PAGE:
Johannus Technology and Quality

Your new Johannus organ is an extraordinary instrument. It is the result of innovative research and development melded with centuries of traditional Dutch organ building craftsmanship.

There is lots of hype in the market place about technology and how the sound is produced and this is where Johannus has a major advantage with their cutting-edge real time sampling technology.

So, what is real-time digital sampling technology?

Essentially digital sampling sound reproduction is the conversion of digitally recorded sound to audio. Digital recording derives its name from the process of recording sound, converted into numbers (digits) and stored on a sound chip in the organ. To convert these digital formulae back into sound, a digital-to-analogue converter chip (DAC) is needed. This is a critical stage in the process of sound reproduction where some manufacturers cut corners and things can go wrong.

Let’s consider processing power. Even the most advanced DACs are limited in the amount of data they can process. So this means you need many DACs for a realistic sounding organ as the harmonic structure of the stop is preserved. If the number of DACs is inadequate, single stops may sound OK but choruses quickly diminish sound quality and fatigues the ear.

This is why some organs sound shrill or not just ‘quite right’ when playing full choruses or full organ. Johannus limit the number of stops to DACs to a maximum of two. This means every organ contains a minimum of a full 24-bit DAC for every two stops. All DACs are 24 bit, 96kHz and Johannus applies a minimum sample frequency of 48kHz. This results in a sound that is of much higher quality than that of a CD. Moreover, Johannus R & D have found that 48kHz is more than adequate for high quality sound. Some manufacturers claim to have a higher sampling frequency , but fail to mention that their DAC structure is inferior and need to compensate with this higher frequency, resulting in a harsh or shrill sound. But there is a lot more to consider. A pipe organ has a number of pipes for every stop, division and key meaning that the number of pipes in a pipe organ is a multiple of the number of keys and pedals. To make a realistic sounding digital organ, the best way to do this is to record every pipe on every key separately and storing this into the memory. When you select a stop and press a key you are hearing the sound of the original pipe with the harmonic structure intact.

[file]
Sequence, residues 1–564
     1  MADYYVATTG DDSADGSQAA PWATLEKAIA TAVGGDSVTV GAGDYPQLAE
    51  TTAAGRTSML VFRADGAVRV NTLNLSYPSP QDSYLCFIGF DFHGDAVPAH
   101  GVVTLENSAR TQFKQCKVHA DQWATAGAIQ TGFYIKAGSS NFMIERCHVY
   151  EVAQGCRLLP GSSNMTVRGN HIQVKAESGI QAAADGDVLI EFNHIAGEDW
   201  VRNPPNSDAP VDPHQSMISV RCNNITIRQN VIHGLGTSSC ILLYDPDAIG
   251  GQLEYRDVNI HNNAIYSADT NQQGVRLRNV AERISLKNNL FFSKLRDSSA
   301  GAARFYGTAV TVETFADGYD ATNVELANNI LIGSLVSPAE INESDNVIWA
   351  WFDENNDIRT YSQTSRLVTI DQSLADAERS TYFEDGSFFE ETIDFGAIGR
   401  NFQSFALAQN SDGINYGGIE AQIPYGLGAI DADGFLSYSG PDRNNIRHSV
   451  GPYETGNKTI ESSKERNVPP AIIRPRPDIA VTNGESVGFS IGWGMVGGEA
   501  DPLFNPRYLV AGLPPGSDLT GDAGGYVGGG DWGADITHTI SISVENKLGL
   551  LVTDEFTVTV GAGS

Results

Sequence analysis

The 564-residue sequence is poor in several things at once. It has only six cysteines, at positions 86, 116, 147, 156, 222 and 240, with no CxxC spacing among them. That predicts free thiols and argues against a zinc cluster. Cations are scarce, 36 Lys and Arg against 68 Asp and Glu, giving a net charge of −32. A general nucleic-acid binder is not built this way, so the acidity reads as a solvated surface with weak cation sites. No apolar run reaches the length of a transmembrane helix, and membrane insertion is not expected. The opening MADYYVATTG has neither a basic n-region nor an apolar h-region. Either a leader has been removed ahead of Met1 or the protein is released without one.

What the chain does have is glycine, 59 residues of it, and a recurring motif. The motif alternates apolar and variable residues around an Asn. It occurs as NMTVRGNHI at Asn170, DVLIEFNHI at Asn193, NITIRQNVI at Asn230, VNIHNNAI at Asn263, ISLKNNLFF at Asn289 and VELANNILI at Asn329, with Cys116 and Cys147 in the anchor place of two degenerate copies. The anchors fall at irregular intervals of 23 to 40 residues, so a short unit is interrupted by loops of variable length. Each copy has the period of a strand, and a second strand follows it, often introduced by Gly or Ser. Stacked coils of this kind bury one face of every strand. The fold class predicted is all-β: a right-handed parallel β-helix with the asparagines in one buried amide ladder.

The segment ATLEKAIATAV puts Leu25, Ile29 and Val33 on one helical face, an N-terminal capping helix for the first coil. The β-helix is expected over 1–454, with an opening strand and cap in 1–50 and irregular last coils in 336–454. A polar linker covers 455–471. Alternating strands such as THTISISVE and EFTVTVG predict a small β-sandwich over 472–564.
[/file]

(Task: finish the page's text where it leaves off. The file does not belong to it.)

The amount of memory that is required to store every pipe on every stop is enormous. If you compare the sound two pipes of the same stop, they are virtually identical. This means the sound has many characteristics in common and only vary mainly by pitch. This is how the organ builder meant it to be, a cohesive sound that blends all through the registers. But there are always subtle differences.

Some manufacturers use these similarities to use a small numbers of recordings and extrapolate the different pitches and some only use one small recording (sometimes less than a second) for all pitches. This uses far less memory and often is deceptive as this allows space in an organ for a high number of stops, but the stops prove to be of low quality and extrapolated samples often prove dry and harsh because the harmonic integrity of the stop is compromised

because all the subtlety different harmonics from each pipe are lost. Herein lays the Johannus difference, real-time digital sampling. This technology uses as many digital samples as there are pipes in the original organ. The little subtleties remain giving you a more realistic sound. Johannus organs all use huge amounts of memories and we all think is a good thing. Every note of every stop is an actual individual recording. This is what makes Johannus unique. You are guaranteed your Johannus organ will sound amazing

as the harmonic structure of each rank is faithfully preserved and retained. The attack and decay of the pipe sound is also faithfully reproduced and the chiff forms part of the sample and speaks exactly as a pipe does. The initial sound chiffs as the pipe fills with air, but subsequent pressing of the same note does not have chiff as some residual air remains in the pipe. Johannus use a real-time chiff to emulate this and to make the sound more realistic, the samples are long-looped so you can hear a pure organ sound complete

with all the nuances that gives the pipe organ a unique charm. Your Johannus organ is quite an investment so our aim is for you to enjoy a living sound and not a dry sterile sound. Combined with the Intonat ® software, our factory trained organ voicer has the ability to voice your organ to perfection for your space. Whether it be home, chapel, church, cathedral or concert hall, you can trust our 26 years of experience installing Johannus and Makin organs in all of these venues to assist you in selecting or designing your prefect organ.